(or: How I spent my Spring Break)
From the webmaster of Natetrue.com - go there for more projects!
Recently, I saw a question on Ask Slashdot that intrigued me:
The person was asking for ideas relating to building your own glowing and color changing ball. Being the kind of person to take such a general request for comments and turn it into a personal reason for living, I quickly skimmed the description on ThinkGeek and came up with these requirements for my project:
1. Must be a relatively featureless decoration
2. Must emit light
3. That light must be able to change color
4. That light must have at least 256 colors
5. Must cost less than $50 to make
6. Must be wireless, with at least a 30-foot range
7. Must be controllable by home computer
After much deliberation, I came up with the following solution:
Originally I figured I could use a Parallax Basic Stamp I microcontroller ($34), but the stringent timing requirements forced me to go with a much faster (and MUCH cheaper) PIC microcontroller, the 16F84A (about $6). The PIC16F84A microcontroller is a favorite among hobbyists (even after being superseded by the superior 16F628) and suits this purpose very well. Of course, having only used the Basic Stamp in the past, I had to learn the 36-instruction assembly language native to the PIC - this was no small task.
"Wow," you say, "how can you expect to make something wireless and still have it cost less than fifty dollars?" Well I'm glad you asked. "But I didn't ask," you say, "I'm just reading." Do you want to argue, or would you like to hear about my solution? That's what I thought. For the job of fairly-reliable wireless communication, I turn to my old friends the TX433 and RX433 modules. These are complementary transmitter/receiver pairs that operate on the seldom-used 433.92 MHz frequency. Another strong plus is that the devices are very small. The transmitter (TX433) is about the size of my thumbnail (though to be fair, I have sexier-than-average thumbnails) and will fit inside a standard 9-pin D-Sub hood. As if that weren't enough, the transmitter also has very loose power requirements (3 to 12 volts). The receiver is slightly larger and is quite finicky about its power (more on that later). Back in the day you could obtain them through TechAmerica, but now TechAmerica has turned into RadioShack.com, and along with RadioShack, their inventory has decreased to the point of phasing out these wonderful little modules. So doing a search on "RX433" revealed to me the only other online supplier of these miracle devices, a company called QKits in Canada. They go for about $6 american each. I also found some on eBay at comparable prices (and they might be more reliable modules).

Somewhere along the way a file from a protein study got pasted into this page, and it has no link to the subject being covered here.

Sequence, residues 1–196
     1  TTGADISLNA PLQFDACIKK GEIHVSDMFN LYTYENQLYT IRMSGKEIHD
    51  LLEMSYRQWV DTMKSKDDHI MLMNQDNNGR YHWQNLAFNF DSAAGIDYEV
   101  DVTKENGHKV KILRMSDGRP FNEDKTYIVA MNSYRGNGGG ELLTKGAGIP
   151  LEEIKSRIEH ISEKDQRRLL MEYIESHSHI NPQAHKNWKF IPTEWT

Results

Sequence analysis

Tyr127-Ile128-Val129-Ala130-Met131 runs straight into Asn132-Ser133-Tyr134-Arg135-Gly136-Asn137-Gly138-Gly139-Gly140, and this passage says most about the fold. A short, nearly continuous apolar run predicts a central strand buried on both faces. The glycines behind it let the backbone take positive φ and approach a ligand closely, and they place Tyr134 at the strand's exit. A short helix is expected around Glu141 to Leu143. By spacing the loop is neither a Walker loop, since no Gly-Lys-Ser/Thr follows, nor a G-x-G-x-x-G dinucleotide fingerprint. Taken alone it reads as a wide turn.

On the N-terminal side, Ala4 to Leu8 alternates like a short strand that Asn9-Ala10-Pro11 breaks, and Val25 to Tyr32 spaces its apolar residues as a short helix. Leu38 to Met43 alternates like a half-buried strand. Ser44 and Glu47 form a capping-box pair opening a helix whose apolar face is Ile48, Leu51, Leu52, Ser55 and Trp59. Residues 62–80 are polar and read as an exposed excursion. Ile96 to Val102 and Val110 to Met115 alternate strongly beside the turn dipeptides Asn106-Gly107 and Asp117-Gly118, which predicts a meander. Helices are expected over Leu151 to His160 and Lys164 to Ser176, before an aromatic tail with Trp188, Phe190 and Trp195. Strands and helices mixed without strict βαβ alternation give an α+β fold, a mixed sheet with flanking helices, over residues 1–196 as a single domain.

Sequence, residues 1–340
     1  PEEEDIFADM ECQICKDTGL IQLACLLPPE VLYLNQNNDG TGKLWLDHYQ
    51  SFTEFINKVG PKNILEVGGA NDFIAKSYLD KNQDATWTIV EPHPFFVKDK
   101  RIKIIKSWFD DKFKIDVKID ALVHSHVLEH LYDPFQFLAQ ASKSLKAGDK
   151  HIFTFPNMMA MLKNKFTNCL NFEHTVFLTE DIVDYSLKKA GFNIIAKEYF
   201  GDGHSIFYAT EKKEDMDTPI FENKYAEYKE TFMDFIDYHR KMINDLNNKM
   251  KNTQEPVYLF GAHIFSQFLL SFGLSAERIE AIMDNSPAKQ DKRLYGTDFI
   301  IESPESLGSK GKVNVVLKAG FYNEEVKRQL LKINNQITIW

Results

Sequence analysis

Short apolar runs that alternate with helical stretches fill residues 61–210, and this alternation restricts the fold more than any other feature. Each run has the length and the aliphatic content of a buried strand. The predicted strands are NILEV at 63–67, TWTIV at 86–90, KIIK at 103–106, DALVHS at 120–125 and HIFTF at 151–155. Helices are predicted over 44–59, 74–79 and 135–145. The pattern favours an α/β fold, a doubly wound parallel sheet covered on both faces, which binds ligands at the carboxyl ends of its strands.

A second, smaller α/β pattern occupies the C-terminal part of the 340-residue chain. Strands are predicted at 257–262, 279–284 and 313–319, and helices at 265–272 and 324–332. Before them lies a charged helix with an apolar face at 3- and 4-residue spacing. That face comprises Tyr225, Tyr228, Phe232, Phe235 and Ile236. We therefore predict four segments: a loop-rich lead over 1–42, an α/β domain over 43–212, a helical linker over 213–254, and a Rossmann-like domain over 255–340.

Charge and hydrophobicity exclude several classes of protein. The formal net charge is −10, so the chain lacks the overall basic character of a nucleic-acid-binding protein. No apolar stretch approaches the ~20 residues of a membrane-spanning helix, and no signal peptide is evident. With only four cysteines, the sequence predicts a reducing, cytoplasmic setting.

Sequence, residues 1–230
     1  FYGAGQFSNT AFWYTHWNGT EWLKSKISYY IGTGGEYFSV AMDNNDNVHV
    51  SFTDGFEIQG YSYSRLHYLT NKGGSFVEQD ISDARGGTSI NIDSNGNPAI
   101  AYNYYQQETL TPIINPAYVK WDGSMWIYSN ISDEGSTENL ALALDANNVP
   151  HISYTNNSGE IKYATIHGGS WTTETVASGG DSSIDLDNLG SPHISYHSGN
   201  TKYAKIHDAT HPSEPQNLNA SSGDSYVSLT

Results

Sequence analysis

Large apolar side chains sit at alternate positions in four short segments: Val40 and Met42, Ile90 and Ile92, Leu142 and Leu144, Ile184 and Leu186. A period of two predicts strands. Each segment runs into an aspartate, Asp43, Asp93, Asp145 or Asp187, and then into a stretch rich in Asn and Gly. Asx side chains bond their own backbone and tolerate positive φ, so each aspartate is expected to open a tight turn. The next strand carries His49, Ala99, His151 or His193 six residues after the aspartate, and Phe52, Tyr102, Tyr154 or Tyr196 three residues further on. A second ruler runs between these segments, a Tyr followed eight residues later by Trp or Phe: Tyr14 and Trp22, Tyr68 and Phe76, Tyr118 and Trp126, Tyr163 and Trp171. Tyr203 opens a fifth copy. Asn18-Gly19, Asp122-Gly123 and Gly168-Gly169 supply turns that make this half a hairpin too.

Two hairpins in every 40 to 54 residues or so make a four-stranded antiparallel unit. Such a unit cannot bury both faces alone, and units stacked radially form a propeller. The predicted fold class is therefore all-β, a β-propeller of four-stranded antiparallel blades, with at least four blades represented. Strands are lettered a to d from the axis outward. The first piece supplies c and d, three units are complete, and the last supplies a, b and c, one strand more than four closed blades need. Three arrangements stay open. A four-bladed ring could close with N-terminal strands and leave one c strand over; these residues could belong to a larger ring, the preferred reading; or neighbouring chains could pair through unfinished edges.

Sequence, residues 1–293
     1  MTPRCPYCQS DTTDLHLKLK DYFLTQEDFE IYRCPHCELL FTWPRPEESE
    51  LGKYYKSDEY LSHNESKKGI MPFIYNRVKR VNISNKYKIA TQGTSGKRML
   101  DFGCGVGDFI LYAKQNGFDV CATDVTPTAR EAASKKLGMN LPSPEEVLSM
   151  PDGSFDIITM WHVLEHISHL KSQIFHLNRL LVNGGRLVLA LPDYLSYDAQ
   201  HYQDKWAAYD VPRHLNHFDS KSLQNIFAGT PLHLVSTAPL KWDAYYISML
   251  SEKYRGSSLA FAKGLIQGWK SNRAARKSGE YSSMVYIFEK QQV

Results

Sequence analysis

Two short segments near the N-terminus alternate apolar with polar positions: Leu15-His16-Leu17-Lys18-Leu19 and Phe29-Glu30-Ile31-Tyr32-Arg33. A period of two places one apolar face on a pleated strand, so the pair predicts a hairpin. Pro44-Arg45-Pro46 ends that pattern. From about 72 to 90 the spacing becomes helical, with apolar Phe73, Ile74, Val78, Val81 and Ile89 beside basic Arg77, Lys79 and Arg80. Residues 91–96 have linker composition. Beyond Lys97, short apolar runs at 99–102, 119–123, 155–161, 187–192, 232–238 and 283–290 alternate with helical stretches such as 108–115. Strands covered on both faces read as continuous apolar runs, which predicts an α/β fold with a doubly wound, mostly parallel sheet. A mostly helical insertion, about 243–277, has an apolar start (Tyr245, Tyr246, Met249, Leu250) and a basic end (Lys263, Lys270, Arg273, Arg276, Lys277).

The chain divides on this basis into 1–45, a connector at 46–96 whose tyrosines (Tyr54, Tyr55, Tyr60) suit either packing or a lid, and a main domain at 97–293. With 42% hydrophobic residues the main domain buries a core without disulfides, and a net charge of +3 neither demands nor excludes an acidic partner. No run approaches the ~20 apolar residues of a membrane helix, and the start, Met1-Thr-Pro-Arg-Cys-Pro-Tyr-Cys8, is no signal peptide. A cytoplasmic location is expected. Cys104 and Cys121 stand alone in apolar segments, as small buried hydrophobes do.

Elementary color theory professes that we see color as a combination of three colors, Red, Green, and Blue. So it would appear that we should have some amount of light-emitting diodes in each color. Biblical references aside, I decided on including two of each color in my wireless color-changing non-waterproof ark. Superbrightleds.com sold some really super-bright LEDs to me at super-low prices (and they threw in a free bumper sticker!). Combined with the obligatory current-limiting resistors and the customary current-amplifying transistors, we have ourselves a display that rivals the common Taplight in brightness.